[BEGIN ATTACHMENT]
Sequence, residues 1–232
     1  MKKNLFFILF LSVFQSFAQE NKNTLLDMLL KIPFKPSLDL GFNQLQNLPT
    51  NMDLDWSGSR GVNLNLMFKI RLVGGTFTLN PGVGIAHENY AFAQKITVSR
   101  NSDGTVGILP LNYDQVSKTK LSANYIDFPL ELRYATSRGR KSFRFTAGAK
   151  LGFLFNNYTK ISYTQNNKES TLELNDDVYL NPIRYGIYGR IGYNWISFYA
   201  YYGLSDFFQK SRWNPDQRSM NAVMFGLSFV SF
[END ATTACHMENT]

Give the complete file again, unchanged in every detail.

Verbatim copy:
Sequence, residues 1–232
     1  MKKNLFFILF LSVFQSFAQE NKNTLLDMLL KIPFKPSLDL GFNQLQNLPT
    51  NMDLDWSGSR GVNLNLMFKI RLVGGTFTLN PGVGIAHENY AFAQKITVSR
   101  NSDGTVGILP LNYDQVSKTK LSANYIDFPL ELRYATSRGR KSFRFTAGAK
   151  LGFLFNNYTK ISYTQNNKES TLELNDDVYL NPIRYGIYGR IGYNWISFYA
   201  YYGLSDFFQK SRWNPDQRSM NAVMFGLSFV SF